Apologies to those already feeling bitter about this frigid weather, but here’s another cold truth — it’s chillier in Boston Thursday than in a handful of cities around the planet that are much farther north and usually much colder.

At Logan International Airport in Boston, the temperature hovered in the single digits for much of Thursday morning, falling as low as 5 degrees around 8 a.m.

Meanwhile, low temperatures recorded this morning in the Russian cities of Moscow and Saint Petersburg were 36 degrees and 38 degrees, respectively, according to figures provided by AccuWeather.com. Normally, those cities experience lows of 10 and 15 degrees.


In Reykjavík, Iceland, the mercury fell no lower than 25 degrees, not far off from its normal low of 29 degrees.

In Tromsø, Norway, which is located within the Arctic Circle, the low this morning was 19 degrees. Normally, it’s 21 degrees.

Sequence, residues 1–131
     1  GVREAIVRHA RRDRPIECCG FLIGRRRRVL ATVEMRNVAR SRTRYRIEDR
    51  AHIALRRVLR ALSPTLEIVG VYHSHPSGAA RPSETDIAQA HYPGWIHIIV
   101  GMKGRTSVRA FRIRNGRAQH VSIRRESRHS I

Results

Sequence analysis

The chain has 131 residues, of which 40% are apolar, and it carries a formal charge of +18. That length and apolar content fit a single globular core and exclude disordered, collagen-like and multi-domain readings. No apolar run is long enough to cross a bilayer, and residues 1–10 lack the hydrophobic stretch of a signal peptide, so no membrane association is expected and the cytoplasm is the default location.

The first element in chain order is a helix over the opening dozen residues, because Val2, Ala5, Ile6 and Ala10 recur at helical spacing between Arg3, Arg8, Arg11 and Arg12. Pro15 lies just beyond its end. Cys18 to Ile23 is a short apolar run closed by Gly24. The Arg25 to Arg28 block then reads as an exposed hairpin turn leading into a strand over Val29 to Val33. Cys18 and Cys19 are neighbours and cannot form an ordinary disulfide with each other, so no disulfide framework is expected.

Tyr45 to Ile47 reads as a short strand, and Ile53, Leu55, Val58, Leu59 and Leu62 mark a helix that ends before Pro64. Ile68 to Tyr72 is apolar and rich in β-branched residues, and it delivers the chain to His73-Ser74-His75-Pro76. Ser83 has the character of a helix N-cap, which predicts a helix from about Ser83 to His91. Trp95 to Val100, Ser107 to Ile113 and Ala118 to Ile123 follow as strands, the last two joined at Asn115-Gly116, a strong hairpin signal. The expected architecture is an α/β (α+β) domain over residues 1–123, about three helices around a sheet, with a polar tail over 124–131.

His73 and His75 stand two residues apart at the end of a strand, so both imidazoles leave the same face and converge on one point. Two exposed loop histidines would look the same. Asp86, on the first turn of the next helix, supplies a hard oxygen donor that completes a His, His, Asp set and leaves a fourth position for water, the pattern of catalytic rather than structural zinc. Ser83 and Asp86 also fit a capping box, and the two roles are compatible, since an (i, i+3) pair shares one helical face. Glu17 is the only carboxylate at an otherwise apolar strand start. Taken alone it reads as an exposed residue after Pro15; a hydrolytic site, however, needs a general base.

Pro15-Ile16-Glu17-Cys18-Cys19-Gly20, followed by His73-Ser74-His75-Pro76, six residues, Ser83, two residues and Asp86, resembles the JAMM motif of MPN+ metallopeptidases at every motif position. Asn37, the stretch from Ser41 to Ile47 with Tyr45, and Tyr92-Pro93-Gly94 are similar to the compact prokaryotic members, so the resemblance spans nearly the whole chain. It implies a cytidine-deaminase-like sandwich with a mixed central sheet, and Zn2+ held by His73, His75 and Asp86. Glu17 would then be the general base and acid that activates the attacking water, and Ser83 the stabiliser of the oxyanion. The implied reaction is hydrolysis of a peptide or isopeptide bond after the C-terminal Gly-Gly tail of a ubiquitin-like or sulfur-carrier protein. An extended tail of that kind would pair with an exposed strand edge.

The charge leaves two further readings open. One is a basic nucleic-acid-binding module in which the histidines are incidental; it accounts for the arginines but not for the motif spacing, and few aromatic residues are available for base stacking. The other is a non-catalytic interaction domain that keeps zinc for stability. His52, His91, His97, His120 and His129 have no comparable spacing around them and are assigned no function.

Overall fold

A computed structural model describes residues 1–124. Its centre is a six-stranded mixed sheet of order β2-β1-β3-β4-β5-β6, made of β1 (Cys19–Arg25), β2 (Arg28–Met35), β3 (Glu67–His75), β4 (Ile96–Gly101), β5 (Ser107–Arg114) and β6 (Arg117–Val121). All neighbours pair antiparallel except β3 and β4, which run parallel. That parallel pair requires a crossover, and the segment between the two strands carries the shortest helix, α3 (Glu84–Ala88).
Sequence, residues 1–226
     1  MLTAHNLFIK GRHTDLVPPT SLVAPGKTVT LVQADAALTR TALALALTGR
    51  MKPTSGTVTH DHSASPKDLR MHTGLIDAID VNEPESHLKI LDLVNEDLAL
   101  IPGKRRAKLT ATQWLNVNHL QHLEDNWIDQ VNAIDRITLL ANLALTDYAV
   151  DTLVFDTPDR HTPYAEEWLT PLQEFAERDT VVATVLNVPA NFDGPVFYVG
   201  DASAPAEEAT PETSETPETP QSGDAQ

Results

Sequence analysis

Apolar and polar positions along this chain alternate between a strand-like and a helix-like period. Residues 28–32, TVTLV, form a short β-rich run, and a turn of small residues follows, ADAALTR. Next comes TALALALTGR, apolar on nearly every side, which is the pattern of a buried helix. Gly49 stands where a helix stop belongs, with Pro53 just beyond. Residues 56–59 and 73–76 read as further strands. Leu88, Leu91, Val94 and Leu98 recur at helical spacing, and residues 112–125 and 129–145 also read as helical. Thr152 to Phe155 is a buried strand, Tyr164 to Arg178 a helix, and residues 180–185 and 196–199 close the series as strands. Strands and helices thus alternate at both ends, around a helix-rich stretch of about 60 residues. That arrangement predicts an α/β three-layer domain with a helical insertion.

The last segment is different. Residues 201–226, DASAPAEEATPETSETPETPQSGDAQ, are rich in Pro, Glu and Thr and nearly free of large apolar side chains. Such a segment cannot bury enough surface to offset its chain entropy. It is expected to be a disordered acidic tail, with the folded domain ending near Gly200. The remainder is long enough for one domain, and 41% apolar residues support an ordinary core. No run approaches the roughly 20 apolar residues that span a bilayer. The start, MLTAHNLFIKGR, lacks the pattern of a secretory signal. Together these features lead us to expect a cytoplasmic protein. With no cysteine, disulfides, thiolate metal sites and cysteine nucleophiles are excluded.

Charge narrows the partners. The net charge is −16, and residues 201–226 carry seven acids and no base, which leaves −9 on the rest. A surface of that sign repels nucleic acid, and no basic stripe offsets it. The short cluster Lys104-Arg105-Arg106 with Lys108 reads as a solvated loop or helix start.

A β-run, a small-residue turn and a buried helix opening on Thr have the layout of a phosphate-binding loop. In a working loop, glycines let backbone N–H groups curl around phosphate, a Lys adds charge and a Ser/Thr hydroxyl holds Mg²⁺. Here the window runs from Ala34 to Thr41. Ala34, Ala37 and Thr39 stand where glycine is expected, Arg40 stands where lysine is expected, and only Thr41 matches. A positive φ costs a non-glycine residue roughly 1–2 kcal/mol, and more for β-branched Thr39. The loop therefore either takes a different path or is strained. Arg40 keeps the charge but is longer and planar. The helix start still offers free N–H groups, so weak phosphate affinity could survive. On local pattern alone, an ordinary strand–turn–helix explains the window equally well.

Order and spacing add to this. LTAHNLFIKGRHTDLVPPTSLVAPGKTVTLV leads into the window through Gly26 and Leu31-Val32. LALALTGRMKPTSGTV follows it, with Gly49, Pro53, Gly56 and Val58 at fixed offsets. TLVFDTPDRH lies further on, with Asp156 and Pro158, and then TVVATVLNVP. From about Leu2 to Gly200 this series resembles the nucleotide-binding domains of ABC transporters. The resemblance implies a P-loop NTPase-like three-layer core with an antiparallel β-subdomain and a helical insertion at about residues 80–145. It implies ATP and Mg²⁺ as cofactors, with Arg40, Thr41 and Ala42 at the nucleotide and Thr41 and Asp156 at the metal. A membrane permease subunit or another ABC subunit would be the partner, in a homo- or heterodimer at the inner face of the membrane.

And, in Barrow, the northernmost city in Alaska (and in the entire United States, for that matter), the temperature was 12 degrees as of about 9 a.m. our time, according to AccuWeather. That’s well above its typical low of -16.

But before you book a flight to Barrow, you’ll want to consider that the city is in the midst of about a two-month stretch in which there is no daylight.

So what city feels most like Boston right now? Anchorage, Alaska. It was about 6 degrees there as of 9 a.m., about the same as Boston and below Anchorage’s normal low temperature of 12 degrees for this time of year.

Evan Duffey, a meteorologist for AccuWeather, said it’s not unusual for there to be points in the year where cold air from around the North Pole dips down to southern latitudes.

Typically, that cold air is pushed south when high pressure builds on the pole.


“It’s [like] someone opened a door to the North Pole and said, ‘You can go on vacation,’ and the cold air heads south,” Duffey said.

Generally, though, there’s a balancing effect. So, if it’s colder than usual in one area of the world — like it is now in Boston — it’s probably warmer than normal in another area, he said.

“In some parts of the world there’s warm air surging north and some parts where the cold air is surging south,” Duffey said. “It pretty much balances out.”

Matt Rocheleau can be reached at matthew.rocheleau@globe.com. Follow him on Twitter @mrochele.